I love a good horror flick, and this shaped up to be quite a good one! I thought the "being" haunting Lucie was bad enough, quite terrifying, and couldn't imagine how the movie could get more horrific.

    Maybe I'm sicker than most, (or watched waay too many horror films) but i was so mad at Anna for not believing Lucie, even when it's apparent that this woman was all in Lucie's head. I was mad at Anna for not trying to use her chains as a weapon against her torturers. I scoffed at Anna for not believing in Lucie, and the fact that her kindness had caused her to be careless of the time factor, and she didn't get out and away from the house in time before those people in black came and blew crazy lady's brains out.. and dragged her downstairs to be the next victim.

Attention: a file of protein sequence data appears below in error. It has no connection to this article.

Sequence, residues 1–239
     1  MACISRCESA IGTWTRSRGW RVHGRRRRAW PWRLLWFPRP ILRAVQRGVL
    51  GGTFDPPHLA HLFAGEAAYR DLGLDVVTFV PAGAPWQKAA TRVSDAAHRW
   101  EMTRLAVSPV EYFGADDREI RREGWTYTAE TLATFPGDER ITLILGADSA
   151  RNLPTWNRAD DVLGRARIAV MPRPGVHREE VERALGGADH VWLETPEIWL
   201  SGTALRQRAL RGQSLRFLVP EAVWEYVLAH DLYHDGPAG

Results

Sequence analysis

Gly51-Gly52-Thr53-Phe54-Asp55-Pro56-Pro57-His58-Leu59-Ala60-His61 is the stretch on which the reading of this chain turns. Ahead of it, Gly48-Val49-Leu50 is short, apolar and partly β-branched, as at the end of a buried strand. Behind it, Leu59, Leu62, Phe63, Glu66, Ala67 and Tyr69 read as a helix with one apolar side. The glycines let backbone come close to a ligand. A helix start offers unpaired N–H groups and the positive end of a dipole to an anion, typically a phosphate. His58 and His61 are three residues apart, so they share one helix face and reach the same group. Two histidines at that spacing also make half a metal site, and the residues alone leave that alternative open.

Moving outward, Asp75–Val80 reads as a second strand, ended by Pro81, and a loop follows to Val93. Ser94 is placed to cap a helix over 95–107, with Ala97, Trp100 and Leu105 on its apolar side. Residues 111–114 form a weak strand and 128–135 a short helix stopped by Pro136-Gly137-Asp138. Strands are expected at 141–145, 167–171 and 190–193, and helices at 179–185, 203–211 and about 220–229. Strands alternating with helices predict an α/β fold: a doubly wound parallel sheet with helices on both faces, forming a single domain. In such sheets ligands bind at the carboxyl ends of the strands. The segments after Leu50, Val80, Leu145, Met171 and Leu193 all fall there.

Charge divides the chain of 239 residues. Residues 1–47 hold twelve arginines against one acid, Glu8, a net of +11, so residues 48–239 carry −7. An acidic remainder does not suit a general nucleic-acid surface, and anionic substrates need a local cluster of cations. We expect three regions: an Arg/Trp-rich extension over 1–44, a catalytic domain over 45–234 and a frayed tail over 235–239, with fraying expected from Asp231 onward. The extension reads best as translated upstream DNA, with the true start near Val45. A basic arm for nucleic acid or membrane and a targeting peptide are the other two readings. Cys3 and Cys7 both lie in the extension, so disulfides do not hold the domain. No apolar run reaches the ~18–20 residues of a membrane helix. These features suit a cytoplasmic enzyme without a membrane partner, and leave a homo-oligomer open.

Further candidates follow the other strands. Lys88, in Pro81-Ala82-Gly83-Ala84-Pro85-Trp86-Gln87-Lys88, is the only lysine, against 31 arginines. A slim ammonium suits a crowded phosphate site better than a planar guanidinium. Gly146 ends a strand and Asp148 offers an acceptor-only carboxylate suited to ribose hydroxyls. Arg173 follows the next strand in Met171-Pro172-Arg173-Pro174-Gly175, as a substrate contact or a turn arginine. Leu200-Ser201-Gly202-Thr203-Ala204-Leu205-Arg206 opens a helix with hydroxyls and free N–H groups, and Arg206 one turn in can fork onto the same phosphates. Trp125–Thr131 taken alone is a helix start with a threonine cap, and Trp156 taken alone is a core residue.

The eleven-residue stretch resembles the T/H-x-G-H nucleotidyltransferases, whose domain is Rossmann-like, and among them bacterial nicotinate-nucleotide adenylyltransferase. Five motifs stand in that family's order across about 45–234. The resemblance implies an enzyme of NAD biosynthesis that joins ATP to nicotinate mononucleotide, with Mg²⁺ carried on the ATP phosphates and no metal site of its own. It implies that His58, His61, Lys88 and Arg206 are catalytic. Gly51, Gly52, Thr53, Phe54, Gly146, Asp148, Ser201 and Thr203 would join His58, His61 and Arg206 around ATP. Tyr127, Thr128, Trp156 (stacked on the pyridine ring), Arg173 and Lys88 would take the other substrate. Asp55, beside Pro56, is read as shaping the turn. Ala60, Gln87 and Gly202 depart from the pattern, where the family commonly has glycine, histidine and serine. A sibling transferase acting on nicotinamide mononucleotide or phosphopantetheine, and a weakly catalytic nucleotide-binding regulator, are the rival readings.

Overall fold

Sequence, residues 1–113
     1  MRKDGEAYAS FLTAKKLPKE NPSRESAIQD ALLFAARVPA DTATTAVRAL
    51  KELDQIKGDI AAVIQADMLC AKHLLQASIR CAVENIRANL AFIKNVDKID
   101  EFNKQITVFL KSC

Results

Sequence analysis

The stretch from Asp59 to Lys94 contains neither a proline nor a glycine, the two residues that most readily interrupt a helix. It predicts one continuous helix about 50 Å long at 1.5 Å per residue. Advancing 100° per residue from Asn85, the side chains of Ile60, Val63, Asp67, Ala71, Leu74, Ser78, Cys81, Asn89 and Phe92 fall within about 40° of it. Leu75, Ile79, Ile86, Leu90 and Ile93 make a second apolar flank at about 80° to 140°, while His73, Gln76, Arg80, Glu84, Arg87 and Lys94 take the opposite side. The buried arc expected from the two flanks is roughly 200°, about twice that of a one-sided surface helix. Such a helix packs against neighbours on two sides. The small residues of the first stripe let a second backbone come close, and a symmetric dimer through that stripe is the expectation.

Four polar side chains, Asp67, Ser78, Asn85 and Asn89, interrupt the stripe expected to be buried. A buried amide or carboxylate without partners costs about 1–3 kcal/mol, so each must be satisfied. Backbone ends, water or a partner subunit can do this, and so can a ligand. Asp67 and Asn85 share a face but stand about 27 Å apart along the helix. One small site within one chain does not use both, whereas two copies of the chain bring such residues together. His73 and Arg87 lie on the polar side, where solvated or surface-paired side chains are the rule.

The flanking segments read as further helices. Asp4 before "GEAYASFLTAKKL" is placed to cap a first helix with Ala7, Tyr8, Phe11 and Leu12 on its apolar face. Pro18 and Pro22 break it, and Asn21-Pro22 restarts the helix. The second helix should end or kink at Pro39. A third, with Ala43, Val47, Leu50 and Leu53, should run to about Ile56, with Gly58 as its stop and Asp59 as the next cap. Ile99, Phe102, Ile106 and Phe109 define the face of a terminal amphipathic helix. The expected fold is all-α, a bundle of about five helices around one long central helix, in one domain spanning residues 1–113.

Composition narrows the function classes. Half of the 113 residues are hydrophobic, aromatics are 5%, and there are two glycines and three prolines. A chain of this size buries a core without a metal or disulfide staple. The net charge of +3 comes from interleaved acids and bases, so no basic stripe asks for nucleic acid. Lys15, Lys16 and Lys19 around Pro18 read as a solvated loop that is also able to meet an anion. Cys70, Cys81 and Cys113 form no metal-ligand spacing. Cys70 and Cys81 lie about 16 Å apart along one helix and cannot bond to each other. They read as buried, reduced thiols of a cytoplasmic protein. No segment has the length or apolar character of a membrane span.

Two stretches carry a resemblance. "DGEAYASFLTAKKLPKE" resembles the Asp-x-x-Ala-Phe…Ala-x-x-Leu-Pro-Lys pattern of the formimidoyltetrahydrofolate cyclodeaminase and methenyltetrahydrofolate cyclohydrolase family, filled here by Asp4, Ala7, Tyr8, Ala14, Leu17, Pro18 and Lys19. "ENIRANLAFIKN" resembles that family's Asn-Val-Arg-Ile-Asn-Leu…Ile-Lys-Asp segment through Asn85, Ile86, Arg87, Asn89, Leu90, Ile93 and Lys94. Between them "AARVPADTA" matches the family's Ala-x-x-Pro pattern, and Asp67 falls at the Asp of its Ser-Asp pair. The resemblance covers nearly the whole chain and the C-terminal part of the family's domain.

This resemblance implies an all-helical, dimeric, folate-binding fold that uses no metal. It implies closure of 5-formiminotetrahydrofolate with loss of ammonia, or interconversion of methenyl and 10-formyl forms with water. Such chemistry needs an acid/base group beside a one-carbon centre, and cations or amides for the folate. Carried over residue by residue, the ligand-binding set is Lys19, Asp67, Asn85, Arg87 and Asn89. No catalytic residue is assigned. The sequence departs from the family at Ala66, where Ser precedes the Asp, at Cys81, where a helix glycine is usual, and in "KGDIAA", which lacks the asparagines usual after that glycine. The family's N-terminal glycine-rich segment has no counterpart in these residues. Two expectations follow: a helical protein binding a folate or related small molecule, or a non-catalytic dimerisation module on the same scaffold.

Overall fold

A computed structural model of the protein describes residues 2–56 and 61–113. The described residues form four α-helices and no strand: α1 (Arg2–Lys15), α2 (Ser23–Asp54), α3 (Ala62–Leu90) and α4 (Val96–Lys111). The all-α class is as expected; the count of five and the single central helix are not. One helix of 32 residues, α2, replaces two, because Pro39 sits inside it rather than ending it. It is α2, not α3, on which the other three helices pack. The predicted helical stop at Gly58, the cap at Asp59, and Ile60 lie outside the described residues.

I was pretty moved by Anna's inner dialogue and her ability to gain strength from the craziness, rather than letting it consume her and drive her crazy and hallucinate something more negative i.e crazy-lady's cockroaches on her skin or Lucie and her self-harming demon.

    As Anna was being prepped to be skinned alive, I thought she would get the stapled helmet as well, and was shocked to see her skinned.. AND STILL ALIVE!!

    I watched the last scene (with mademoiselle and Étienne) a few times, trying to make sense of the film.. WHAT DID ANNA SAY?!?! -- I had to find the films meaning.

    And here I am. :) I found this review/post on Martyrs the most helpful from what I have seen on the net so far. I do like a bloggers thoughts that the meaning to life is not meant to be known. Or in my opinion, perhaps it is different to everyone.. Anna (im assuming) only saw the bright light and perhaps felt peace.. knowing Lucie would be with her through it all gave her the strength to give them what they want so no one else would have to endure the same.

    Either way, i would love to know what happened to Lucie after that?? did she die?? or grow skin and keep living???